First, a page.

I've been playing with this for a week, and am kind of given up. I was assigned a task to configure a locally setup DNS on a system, and redirect it to an external DNS to resolve addresses such as google.com.

So for clarification:

System DNS[] -x-> Intranet DNS[] ---> WWW

I can do a dig @ google.com and it returns an answer.
but doing a dig @ google.com returns 0 answers.

With Centos 6.5, and using named and rpcbind, how can I configure a system DNS to point to an external DNS to find an answer. How would I should I configure /etc/named.conf /var/named/site1.foo.com.zone and any other files to make this redirection? As master, as slave, any benefit to making one or the other, do I have a choice?

Both files mentioned are configurable in the directory /var/named/chroot/...

I would prefer persevering the system DNS in case some hosts have not been removed to the /etc/hosts file.

The following is what I have for /var/named/chroot/var/named/db.site.foo.com

site1.foo.com                  IN SOA sm1.site1.foo.com. root.site1.foo.com. (
                                2010060101      ; Serial YYYYMMDDnn
                                86400           ; Refresh (1 day)
                                7200            ; Retry (2 hours)
                                3600000         ; Expire (5 weeks 6 days 16 hours)
                                172800          ; Minimum (2 days)
                                NS              sm1.site1.foo.com.
                                NS              slavedns.site1.foo.com
$ORIGIN site1.foo.com
$TTL 172800 ; 2 days

sm1                             A     
slavedns                        A     

being reference by the following zone conf in /var/named/chroot/etc/named.conf:

zone "site1.foo.com" {
     type master;
     file "db.site1.foo.com";

How do I finish expanding on this point to get's(localhost's) DNS to reach for external answers? I tried multiple ways, and now I'm sure I'm just getting myself more confused. I'm new to DNS, besides the overall basic concepts.

  • You may need to add options { recursion true; } to the named.conf file. But, I thought that was the default. You may need to figure out what's turning it off? – MAP Aug 4 '16 at 1:38
  • @MAP Would it matter I I don't really have access to the internal DNS? Yes, recursion is turned off. Someone may have it originally configured it that way before my time. – Baconbitz Aug 4 '16 at 2:36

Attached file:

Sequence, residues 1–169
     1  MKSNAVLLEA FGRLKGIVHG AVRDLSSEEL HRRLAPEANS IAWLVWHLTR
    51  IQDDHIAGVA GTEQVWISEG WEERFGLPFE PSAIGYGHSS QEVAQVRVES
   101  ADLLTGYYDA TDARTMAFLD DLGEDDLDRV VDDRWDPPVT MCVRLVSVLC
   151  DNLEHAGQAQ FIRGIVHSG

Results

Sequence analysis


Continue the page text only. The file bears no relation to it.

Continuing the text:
• "I don't really have access to the internal DNS"? I thought that's what you were configuring here. Now I'm really confused. I think there may be something weird about your network setup that I'm not getting from your description. But, if you can turn on recursion, that's what makes it ask other nameservers for answers so you can resolve, for example, google.com . – MAP Aug 4 '16 at 4:32
  • @IMAP ah, sorry for the confusion. There's just plenty of layers of networks and subnets. I meant the intranet DNS, i do not have access to. I have access to a what's on our system which is an appliance. The Appliance itself has a DNS by legacy means. The appliance DNS is all I can configure, but has no knowledge of any public addresses, but the intranet DNS does, which is where I need to get addresses from. – Baconbitz Aug 4 '16 at 5:13

As well as the options { recursion true; } mentioned by MAP (which is required to enable recursion), you can also add an optional forwarders rule in a named.conf file to tell bind which "parent" name-servers to use for resolving domain names it doesn't know.


forwarders {
  x.x.x.x; // your ISP's nameserver ip-address; // google's public DNS resolver
  • Thanks for the answer, not sure I never came across this. One question though. Is it common for hostnames to be entered in as a forwarder. I mean, to clarify, I have a script that allows a user to enter IP addresses. If I allowed hostnames to be included, in order for that 'new'-foreign hostname to resolve, I would have to add an entry in a zone file, right? @cas – Baconbitz Aug 5 '16 at 20:05
  • forwarders are always specified as IP addresses in bind (see man named.conf). I can't make any sense of your clarification (maybe because i haven't even finished my morning coffee yet). – cas Aug 6 '16 at 1:39
  • Ah, Bottom's up! :) I think I see where my confusion came from. The 'Your.isp.nameserver.ip-address' I did mistaken for a hostname. But after your last comment, I realized the message you were trying to send with four periods and '<dot>ip-address' in the last octet; it was meant to represent an IP-address. Thank you for your help! @cas – Baconbitz Aug 6 '16 at 2:19

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